For example, let’s say I’m in my office, talking to a staff person. I am unaware they are upset with me. Their facial expressions and voice intonation communicate frustration, but I’m distracted by an angry phone call I received moments earlier from someone in the congregation. My brain energies are not focused on paying attention to the frustrated staff person. The staff person perceives my response to them as cold, distant, and not engaged. In response to my disengagement, their frustration rises which results in a big eye roll, tension in their muscles (clenched jaw and tight fists), and a stern intonation in their voice. This has become a reciprocal process. The staff person and I are each reacting automatically to the reactive, automatic behavior of the other. Awareness of the other's response can lead to a disruption of this cycle and provide space for a different, and perhaps better, outcome.
The third type of awareness is systems. Humans are unique in their ability to be aware of systems. Thanks to the prefrontal cortex, we can think about our internal state, our external state, and how they are connected. The ability to see systems has led to the advancement of science. We can predict the pathway of a hurricane. We know how to land a spaceship on Mars. We can “see” beyond individual functioning and observe how relationship systems function. We still have much to learn, but we are developing the capacity to observe all kinds of systems.
These three types of awareness influence each other. One cannot have an awareness of systems without an awareness of oneself and others. It is possible to be hypersensitive to how one is feeling but be unaware of the feelings of others. It is also possible to be hypersensitive to how others are feeling but be unaware of how one is feeling. Thinking systems requires an integration of both types of awareness. One can be aware of self and others but not understand the underlying process that influences the relationship system.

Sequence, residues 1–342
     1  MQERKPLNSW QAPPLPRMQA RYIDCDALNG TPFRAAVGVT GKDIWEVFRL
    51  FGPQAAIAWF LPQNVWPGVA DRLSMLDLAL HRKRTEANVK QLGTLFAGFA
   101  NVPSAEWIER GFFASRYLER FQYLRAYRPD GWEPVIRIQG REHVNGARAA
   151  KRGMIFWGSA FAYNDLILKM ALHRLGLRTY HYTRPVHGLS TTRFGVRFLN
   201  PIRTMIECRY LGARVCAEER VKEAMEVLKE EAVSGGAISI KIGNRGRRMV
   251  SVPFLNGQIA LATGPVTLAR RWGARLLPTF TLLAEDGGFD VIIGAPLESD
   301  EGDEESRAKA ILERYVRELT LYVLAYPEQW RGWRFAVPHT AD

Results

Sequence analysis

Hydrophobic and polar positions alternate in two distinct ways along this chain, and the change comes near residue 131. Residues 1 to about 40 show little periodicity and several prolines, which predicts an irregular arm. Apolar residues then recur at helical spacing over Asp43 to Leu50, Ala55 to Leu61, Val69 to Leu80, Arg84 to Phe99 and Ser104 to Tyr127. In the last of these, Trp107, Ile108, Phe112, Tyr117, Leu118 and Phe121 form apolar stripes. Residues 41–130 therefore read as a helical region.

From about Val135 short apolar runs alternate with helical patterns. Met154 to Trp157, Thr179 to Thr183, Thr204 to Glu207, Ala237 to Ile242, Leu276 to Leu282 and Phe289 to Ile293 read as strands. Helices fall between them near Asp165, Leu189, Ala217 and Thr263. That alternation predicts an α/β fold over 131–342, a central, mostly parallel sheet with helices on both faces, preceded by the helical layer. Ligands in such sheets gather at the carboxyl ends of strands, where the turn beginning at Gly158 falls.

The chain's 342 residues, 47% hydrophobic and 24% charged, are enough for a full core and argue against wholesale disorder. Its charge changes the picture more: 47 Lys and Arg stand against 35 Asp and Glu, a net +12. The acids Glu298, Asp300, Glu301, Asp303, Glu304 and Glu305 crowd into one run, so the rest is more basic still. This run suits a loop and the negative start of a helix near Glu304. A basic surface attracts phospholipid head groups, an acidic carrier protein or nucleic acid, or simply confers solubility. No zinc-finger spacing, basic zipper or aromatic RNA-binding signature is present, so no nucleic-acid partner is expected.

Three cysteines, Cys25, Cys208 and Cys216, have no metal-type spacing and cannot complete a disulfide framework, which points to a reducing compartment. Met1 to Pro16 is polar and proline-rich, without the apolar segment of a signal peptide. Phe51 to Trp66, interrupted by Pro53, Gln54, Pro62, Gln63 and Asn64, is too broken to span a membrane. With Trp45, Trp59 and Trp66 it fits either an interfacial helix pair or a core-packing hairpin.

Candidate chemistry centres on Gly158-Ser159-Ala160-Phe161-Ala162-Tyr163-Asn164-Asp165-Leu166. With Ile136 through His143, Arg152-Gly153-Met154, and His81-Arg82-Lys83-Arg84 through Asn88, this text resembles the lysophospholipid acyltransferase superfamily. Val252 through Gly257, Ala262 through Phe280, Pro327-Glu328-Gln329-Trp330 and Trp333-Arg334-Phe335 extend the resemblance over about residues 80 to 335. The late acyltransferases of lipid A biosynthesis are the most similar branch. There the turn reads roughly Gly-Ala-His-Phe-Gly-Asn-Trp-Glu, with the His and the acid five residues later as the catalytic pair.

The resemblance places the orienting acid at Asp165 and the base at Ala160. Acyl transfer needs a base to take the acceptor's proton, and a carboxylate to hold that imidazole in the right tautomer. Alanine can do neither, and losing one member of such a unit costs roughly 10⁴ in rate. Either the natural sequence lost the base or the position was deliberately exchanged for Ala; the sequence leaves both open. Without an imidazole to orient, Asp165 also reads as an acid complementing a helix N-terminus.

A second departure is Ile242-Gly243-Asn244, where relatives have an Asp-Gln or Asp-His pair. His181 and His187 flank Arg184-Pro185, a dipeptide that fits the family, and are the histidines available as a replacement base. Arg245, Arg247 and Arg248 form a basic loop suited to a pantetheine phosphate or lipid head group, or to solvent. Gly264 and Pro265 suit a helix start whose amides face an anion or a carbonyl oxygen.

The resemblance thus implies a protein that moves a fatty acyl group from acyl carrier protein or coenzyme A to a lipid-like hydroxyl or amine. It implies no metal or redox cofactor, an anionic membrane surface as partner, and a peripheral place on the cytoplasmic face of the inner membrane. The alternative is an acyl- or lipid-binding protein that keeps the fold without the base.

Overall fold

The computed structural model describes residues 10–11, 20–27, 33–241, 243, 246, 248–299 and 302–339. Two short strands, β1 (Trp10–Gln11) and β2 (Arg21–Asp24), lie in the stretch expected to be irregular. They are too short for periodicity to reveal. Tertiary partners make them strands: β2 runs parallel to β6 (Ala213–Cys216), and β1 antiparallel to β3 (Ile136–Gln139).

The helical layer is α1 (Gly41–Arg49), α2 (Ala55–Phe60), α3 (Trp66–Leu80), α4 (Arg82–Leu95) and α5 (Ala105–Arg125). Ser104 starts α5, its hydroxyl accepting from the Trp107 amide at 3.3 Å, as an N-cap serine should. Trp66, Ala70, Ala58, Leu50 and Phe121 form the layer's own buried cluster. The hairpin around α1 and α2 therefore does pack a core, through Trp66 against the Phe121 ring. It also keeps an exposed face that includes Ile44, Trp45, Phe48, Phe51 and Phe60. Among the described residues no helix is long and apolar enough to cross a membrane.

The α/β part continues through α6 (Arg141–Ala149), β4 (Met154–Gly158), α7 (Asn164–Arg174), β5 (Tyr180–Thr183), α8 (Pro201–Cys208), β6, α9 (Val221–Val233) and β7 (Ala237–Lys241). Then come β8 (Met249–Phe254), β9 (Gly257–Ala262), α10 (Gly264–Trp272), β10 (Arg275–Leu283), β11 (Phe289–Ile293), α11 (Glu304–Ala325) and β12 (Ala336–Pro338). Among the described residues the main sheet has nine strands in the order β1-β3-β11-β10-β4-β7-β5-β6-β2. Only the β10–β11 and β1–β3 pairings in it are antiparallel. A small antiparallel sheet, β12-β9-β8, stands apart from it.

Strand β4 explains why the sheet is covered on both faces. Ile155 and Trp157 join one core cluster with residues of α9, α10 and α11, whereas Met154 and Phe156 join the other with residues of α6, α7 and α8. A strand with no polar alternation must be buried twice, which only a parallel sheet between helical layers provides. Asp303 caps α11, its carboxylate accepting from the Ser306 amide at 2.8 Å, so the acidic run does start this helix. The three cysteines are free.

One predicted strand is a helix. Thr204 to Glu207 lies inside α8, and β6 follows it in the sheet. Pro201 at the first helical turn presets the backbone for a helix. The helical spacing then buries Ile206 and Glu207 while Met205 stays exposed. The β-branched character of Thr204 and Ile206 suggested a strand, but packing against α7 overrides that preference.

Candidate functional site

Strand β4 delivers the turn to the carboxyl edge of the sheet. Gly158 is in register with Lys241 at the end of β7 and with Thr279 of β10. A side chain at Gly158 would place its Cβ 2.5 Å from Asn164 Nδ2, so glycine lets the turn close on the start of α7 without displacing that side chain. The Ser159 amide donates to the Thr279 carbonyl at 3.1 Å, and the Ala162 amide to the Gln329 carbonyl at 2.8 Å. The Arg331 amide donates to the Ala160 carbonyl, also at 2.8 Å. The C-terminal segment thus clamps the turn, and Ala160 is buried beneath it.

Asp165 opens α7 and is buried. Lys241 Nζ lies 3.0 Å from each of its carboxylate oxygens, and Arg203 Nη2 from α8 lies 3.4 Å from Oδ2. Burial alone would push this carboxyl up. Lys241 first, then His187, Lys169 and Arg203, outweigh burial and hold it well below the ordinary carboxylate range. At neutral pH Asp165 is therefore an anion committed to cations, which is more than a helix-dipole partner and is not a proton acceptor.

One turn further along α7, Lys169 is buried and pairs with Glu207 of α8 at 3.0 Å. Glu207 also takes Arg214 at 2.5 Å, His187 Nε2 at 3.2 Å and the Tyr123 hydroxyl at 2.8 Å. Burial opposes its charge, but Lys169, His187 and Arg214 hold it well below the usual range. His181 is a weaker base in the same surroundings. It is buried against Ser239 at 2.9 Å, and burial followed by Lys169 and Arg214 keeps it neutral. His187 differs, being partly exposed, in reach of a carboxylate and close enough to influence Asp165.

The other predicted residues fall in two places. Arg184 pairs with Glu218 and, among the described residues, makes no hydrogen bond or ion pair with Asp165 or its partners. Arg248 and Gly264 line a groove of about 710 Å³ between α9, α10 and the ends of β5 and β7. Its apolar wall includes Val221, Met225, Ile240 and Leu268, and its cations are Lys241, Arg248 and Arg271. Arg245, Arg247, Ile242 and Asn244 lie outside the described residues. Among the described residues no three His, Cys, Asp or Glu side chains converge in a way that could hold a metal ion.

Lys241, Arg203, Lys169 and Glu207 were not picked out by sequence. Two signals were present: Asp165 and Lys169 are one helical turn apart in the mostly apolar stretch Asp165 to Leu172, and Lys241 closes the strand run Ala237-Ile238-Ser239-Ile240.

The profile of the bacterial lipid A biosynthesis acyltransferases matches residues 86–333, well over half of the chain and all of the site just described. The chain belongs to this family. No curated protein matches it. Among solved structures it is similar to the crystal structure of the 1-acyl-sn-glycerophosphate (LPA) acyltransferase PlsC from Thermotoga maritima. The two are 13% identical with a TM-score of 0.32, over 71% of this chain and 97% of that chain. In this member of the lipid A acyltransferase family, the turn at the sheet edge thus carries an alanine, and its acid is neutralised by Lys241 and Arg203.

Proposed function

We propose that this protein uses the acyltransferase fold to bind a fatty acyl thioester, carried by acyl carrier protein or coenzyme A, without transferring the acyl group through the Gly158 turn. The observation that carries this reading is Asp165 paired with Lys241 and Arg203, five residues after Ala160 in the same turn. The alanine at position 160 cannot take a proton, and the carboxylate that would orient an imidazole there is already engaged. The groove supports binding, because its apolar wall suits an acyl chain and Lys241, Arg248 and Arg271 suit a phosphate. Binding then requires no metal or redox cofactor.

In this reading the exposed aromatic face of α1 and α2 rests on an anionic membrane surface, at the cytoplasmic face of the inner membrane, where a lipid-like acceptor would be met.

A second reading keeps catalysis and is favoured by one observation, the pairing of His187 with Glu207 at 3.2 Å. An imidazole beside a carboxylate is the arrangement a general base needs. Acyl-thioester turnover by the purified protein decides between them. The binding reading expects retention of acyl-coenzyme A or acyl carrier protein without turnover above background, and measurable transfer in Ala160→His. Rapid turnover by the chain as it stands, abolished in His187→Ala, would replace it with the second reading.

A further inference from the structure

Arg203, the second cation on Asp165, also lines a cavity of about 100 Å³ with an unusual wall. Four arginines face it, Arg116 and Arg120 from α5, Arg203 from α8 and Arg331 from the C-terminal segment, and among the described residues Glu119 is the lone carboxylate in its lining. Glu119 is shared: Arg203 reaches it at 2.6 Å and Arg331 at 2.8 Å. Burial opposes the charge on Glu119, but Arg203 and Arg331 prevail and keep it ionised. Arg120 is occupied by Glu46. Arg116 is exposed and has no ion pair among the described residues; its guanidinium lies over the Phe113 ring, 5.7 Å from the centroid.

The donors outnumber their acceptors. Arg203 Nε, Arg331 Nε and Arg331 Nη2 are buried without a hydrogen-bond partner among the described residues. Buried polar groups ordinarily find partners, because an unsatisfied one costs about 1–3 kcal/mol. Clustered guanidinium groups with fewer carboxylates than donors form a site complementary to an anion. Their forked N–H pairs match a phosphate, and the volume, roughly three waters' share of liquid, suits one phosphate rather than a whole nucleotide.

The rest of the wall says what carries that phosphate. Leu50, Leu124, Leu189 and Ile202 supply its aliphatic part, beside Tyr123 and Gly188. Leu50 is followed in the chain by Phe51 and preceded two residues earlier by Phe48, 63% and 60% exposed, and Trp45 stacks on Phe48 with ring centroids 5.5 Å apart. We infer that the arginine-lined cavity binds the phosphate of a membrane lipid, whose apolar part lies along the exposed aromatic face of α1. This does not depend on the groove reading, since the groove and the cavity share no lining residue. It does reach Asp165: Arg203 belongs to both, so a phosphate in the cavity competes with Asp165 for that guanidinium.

Clergy need all three types of awareness to be effective. To gain awareness, here are some steps to consider:
1. Purchase a journal book.
2. Set an alarm to go off every 15 minutes.
3. When the alarm goes off, ask the following question:
- What am I feeling?
- What am I thinking?
- Who did I interact with in the last 15 minutes?
- How did I react to the person(s)? What did I feel, think, and do?
- How did the other person(s) react to me? What did they feel, think, and do?
- What insights do I have about relationship systems based on this interaction?
When at work, reflect on the work system. When at home, reflect on the family system. When at the kids or grandkid’s school event, reflect on the school system, and so on . . .
This is not a technique. It is a way of thinking. The goal of this effort is to learn to think systems; to be aware that other people are interacting with large systems like the family; to see how the challenges we face in our relationships with others are connected to the relationship systems they and we are connected to; and to see how thinking systems is connected to an awareness of self and others.
A good coach can help a motivated thinker “see” systems and be the best person they can be.